With that said, exercise is absolutely part of a healthy lifestyle and can certainly accelerate your weight loss results. Just keep in mind that you CANNOT out exercise a crappy diet. You just can’t. And you’ll be pretty miserable trying so don’t even bother. (Been there, done that.) If you don’t have your diet right, no amount of time on the treadmill is going to get you where you want to go.
When I first decided I needed to get serious and transform my health (and weight) once and for all, I weighed over 300 pounds. I felt overwhelmed by the magnitude of changes I needed to make. I knew that if I tried to do everything all at once I’d get frustrated, feel like a failure, lose hope and probably never reach my goals. I began to focus on cleaning up my diet and didn’t want to have to worry about “gym time”. So I didn’t. No guilt, no pressure, I just identified the biggest rock (food) and invested my energy there.
I did, however, buy a treadmill. I wasn’t ready (or willing) to jog or even walk briskly. The thought of it stressed me out and I didn’t want to take on anything I wasn’t SURE I could do. I put the treadmill in front of the TV and many evenings, while watching a TV show, I’d walk very, very slowly. I didn’t break a sweat. I didn’t want to. I just wanted to move a little bit more. Sometimes I’d walk for 5 minutes. Other times I’d walk for an hour. I did that consistently until I had lost my first 50 pounds.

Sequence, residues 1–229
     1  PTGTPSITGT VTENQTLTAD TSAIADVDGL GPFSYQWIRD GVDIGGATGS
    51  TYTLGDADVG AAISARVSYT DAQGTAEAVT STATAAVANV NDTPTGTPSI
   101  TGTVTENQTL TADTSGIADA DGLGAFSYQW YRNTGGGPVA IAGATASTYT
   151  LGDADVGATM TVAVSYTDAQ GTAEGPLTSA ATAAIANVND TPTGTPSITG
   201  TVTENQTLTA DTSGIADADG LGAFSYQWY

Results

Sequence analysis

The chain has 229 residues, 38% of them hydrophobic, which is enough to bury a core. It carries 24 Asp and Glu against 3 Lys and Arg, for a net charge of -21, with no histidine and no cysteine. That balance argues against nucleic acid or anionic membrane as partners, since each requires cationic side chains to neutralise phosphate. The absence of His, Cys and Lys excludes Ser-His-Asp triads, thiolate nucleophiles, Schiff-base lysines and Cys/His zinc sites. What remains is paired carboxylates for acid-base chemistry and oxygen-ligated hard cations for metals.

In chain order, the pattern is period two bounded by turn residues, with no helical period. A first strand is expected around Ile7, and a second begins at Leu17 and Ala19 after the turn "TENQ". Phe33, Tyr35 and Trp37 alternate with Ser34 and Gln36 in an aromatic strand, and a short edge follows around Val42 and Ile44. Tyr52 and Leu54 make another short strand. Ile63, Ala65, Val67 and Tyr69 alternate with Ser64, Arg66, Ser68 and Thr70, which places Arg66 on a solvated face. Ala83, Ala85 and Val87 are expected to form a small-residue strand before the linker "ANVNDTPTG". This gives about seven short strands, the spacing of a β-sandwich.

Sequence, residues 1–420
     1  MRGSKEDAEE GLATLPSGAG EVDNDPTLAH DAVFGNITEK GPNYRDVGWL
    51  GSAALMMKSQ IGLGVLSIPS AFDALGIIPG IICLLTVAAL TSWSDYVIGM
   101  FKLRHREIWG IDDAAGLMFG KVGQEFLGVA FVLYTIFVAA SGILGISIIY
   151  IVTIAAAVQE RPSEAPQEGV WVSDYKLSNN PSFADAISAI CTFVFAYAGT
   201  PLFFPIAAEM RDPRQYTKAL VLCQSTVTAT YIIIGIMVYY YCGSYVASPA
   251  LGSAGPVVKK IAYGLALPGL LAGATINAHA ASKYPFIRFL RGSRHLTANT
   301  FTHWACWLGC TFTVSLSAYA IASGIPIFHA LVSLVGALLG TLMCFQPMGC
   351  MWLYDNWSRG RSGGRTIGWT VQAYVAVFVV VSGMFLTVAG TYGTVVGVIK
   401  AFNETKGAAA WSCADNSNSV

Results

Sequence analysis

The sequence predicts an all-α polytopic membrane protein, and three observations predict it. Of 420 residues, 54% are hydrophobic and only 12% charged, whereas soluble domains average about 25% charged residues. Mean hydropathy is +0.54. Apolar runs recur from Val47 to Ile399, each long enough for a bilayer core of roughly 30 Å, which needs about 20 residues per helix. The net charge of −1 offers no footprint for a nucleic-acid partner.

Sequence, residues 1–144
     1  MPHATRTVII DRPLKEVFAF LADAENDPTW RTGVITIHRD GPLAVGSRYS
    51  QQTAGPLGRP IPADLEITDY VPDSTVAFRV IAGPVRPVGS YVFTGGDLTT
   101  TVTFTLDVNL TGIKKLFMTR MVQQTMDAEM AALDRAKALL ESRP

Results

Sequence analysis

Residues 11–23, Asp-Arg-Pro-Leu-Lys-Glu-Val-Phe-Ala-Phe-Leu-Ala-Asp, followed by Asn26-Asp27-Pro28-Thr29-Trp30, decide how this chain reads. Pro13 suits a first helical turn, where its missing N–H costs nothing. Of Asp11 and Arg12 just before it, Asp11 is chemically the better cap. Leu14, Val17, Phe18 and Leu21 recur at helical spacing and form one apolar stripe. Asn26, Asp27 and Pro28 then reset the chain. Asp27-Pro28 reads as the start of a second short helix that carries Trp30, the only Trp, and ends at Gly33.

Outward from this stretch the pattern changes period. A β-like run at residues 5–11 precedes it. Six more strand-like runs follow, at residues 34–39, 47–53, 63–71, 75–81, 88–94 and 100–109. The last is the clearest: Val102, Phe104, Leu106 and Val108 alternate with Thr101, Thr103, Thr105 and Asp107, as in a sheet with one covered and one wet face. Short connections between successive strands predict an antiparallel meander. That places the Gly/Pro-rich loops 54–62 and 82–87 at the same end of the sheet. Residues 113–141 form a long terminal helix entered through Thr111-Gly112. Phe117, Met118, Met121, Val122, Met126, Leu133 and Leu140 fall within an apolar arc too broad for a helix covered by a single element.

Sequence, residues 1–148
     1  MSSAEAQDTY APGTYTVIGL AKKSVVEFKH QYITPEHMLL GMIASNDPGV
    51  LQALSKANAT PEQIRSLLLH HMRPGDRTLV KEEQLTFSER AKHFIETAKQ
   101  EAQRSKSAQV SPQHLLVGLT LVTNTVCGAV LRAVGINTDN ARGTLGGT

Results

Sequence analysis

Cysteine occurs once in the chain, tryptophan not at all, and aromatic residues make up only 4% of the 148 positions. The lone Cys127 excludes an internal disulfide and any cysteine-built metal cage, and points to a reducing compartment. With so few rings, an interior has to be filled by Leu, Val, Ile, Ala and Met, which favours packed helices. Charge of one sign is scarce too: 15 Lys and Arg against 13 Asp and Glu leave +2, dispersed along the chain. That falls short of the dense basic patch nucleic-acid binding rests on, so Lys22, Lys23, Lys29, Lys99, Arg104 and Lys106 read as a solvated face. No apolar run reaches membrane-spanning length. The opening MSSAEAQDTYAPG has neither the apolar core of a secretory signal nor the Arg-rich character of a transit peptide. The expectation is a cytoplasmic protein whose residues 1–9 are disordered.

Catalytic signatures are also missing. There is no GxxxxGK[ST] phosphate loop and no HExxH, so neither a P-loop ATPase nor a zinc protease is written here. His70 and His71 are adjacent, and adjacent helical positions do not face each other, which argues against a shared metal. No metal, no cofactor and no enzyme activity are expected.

By the time I had lost 50 pounds I was feeling pretty comfortable and at ease with my new way of eating. It felt effortless. It wasn’t a strain. I wasn’t obsessing over food or white-knuckling it through my days to avoid a binge. I felt in control. Everything was good. I was ready to take on more and I decided I wanted it to be working out.
I joined a gym and hired a trainer. I worked out with him 2-3 days each week for 30 minutes per session. So we’re talking 60-90 minutes PER WEEK. I would characterize those workouts as cardio/resistance. We definitely lifted weights but nothing all too heavy. We focused on high intensity workouts that included resistance but also included LOTS of movement so my heart rate was always elevated. The goal was to not stop moving, maintain my muscle mass and burn fat. We definitely weren’t focused on building strength at that time.